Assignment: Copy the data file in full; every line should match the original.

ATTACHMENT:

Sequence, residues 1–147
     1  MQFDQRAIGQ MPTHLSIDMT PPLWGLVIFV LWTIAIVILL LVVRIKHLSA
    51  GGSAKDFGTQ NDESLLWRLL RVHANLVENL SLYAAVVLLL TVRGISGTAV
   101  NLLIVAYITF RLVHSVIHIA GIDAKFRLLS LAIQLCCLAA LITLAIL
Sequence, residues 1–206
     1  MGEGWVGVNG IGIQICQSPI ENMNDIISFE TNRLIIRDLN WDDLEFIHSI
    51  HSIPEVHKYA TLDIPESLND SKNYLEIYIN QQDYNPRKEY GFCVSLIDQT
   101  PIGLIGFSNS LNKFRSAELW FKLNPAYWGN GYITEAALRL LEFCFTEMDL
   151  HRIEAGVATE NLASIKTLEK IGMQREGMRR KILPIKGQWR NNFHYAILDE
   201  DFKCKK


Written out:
Sequence, residues 1–147
     1  MQFDQRAIGQ MPTHLSIDMT PPLWGLVIFV LWTIAIVILL LVVRIKHLSA
    51  GGSAKDFGTQ NDESLLWRLL RVHANLVENL SLYAAVVLLL TVRGISGTAV
   101  NLLIVAYITF RLVHSVIHIA GIDAKFRLLS LAIQLCCLAA LITLAIL
Sequence, residues 1–206
     1  MGEGWVGVNG IGIQICQSPI ENMNDIISFE TNRLIIRDLN WDDLEFIHSI
    51  HSIPEVHKYA TLDIPESLND SKNYLEIYIN QQDYNPRKEY GFCVSLIDQT
   101  PIGLIGFSNS LNKFRSAELW FKLNPAYWGN GYITEAALRL LEFCFTEMDL
   151  HRIEAGVATE NLASIKTLEK IGMQREGMRR KILPIKGQWR NNFHYAILDE
   201  DFKCKK